September 11, 2021
“Do not be afraid. Have faith.”
~ Mark 5:36
I’m looking out my window right now, a sunny day in Michigan with fluffy white clouds in the sky. A day very much like that day 20 years ago, September 11, 2001. Today we live with the memory of that day, embedded in our brains in different ways. For me, that day started out quite normal. I was in my corner office in a safe and secure school, getting my day started. Shortly before 9:00 am, my financial advisor, of all people, called me to tell me to turn on my tv. I said, “come on, why are you calling me.” He just kept saying, turn on your tv.
And I did. I was aghast. How could what I was seeing be happening. How crazy. An errant plane in NYC, so far off its flight path. Then came the second plane. I told my friend that I needed to hang up and digest what I had just seen.
After that, things began to happen fast. I checked in with my family and then with my faculty. I had a student show up in my office door saying that she hadn’t heard from her sister. I told her that I was sure she was fine, after all, she lived in Chicago. As I stood listening to this young woman, I learned that while her sister lived in Chicago, she was on business in New York, working in the World Trade Center. You can imagine how the rest of my day went.
In the hours following the first strike, the high school students and faculty gathered in the chapel. While there were tears and students notably absent, as their parents had already picked them up from school, wanting them to be nearby, we prayed. We prayed for the innocent lives that were lost. We prayed for those who were fighting valiantly on our behalf. We prayed for peace. Most of all, we prayed that we would live with faith and not in fear. We placed our trust in God. In times of trouble and in moments when I find myself afraid, I recall those moments, as the sun streamed through the stained-glass windows of the chapel, when we committed ourselves as children of God to live with faith and not fear.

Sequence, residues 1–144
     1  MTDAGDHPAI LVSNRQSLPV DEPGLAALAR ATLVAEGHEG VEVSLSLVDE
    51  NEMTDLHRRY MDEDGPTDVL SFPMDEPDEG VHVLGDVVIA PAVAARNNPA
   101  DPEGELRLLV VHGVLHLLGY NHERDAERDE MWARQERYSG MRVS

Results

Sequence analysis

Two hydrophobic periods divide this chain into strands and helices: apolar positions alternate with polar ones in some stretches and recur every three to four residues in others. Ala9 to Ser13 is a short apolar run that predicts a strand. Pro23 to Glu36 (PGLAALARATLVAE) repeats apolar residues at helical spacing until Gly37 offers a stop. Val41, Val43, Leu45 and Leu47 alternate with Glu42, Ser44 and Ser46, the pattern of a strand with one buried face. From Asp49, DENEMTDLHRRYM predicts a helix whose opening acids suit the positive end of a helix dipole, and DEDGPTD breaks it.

Yesterday I read an article written by Michael Stechschulte for the Detroit Catholic entitled, “Not lost in vain: Two decades after 9/11, archbishop, religious leaders honor fallen.” He was at an interfaith memorial service on the Detroit River, honoring the victims, first responders, and service personnel who perished during the September 11, 2001, terrorist attacks.
Archbishop Vigneron prayed that, “as we commemorate this day, September 11, as a time for remembrance and resolve, we ask you to hear us. In your presence, Lord, we remember those who were victims of terrorism on that dreadful day. Those who died, those who ere injured or wounded in body or spirit, and those whose loved ones are among the victims, we entrust anew into your hands, there to find safety and healing beyond what the world offers.”
In the weeks after the attack, a bill to memorialize September 11 as a national day of mourning was introduced. The resolution ultimately called for September 11 to be known at Patriot Day, to honor the first responders – fire fighters, law enforcement officers, emergency workers, and service members – who answered the call of duty and the brave civilians who rushed into action to save lies that day. We honor the American spirit and national patriotism.
Flags throughout the nation are flown at half-mast on September 11. A moment of silence is observed six times to correspond to each attack that day – 8:46 am, when the first plane struck the North Tower of the World Trade Center, 9:03 am, 9:37 am, 9:59 am, 10:03 am, and 10:28 am, when the attacks on the South Tower and the Pentagon took place, as well as to commemorate the plane that crashed in Pennsylvania, and the time each tower fell.
And we pray:
God of justice and of peace,
On this day of solemn remembrance:
May we honor the lives that were lost in this tragic act.
May we give thanks for those who served and saved, rendered aid and assistance.
May we give comfort to those who live with loss.
May we seek justice and peace where it is within our ability,
and rely on you when the ability escapes us.
On this day of solemn remembrance:
May we build what has been torn down.
May we mend what has been broken.
May we live your love when hate seems to reign.
May we bear witness to the cause of peace.